Then there was the decline in male crabs. With the count at only about 28 million, watermen will be limited to 15 bushels of males a day in August and September. In normal years, no more than 34 percent of the estimated male crab population is allowed to be harvested — a threshold so tough to surpass that only the harvest of females is usually monitored, ensuring that they continue to spawn.

Under the new restrictions, the harvest of females will continue to be limited — between nine and 17 bushels in July and August and 17 and 32 bushels in September and October.

Each female is capable of producing 3 million eggs in a brood, with up to three broods in a year, typically in mid- to late summer. They mate only once, releasing chemicals — akin to pheromones — into the water to attract a male. As the female sheds her shell, matures and hardens a new shell, the male protects her. In the process, she banks a cache of sperm that will last a lifetime.

Usually.

But scientists point to two studies that indicate a shortage of sperm in the crab population, possibly leading to lower numbers of juvenile crabs.

“The male numbers being very low — and consistently low — that’s where some of our research comes in,” said Matt Ogburn, who works at the Smithsonian Environmental Research Center in Anne Arundel County. “If there are relatively few males proportional to the number of females that are maturing and mating, those males mate more frequently, as frequently as every few days.”

The problem with that, Ogburn explained, is that male crabs need about a week to rebuild their sperm stores. If they mate sooner than that, they’re not providing females with as much sperm as they normally would. A supply that should last years might last only one season.

“It’s estimated that females not getting enough sperm might be leading to a 5 to 10 percent reduction in the total number of fertilized eggs,” Ogburn said. “For the females that survive to a second summer, the amount of larvae they can produce is reduced.”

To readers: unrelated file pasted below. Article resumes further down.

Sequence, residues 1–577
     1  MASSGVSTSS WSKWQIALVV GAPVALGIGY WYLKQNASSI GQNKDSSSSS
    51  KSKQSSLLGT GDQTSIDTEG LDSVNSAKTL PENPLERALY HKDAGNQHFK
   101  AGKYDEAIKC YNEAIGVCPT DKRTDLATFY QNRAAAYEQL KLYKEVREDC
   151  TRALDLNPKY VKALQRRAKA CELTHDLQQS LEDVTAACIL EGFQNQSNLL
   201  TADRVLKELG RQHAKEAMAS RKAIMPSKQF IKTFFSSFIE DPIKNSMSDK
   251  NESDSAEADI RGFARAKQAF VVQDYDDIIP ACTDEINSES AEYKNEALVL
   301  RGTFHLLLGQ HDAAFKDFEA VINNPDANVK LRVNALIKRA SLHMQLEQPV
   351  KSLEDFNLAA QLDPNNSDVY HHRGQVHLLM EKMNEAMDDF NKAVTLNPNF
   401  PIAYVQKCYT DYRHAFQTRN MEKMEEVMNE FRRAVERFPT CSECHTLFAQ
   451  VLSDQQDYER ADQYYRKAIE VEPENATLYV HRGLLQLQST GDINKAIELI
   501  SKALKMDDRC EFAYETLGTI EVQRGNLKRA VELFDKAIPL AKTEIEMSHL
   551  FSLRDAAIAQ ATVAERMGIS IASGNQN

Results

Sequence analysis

There’s a lot of other things that could be happening, too, researchers said, including:

  • Poor water quality with low-oxygen dead zones.
  • Loss of underwater grass beds that are critical nursing habitats for juveniles.
  • Predation by invasive species like blue catfish.
  • Pollution.

The new restrictions are stressing an industry of watermen already beleaguered by strict visa requirements that have limited seasonal migrant workers at the region’s crab houses and soaring prices on many supplies, including gasoline and paint.

“Unfortunately, everyone’s costs have risen significantly,” said Jack Brooks, owner of J.M. Clayton Seafood in Cambridge, Md. “We are working quite a bit thinner than we would like to. But I guess the restrictions are a necessary evil.”

When Powley was 32, he said, it cost about $8 to $9 to build a crab pot. Now, it’s $60 per pot.

“We just can’t stand it,” he said.

He’s not alone in those fears, though a good oyster season has helped offset them.

“We are very concerned about the male crabs, we are,” said Robert T. Brown, president of the Maryland Watermen’s Association. “This is our livelihood. If it goes bad, it goes bad on us. We are willing to make some concessions and try to keep the stocks up and everything.”

Brown sighed.

“We hope that next year will be better.”

Loading...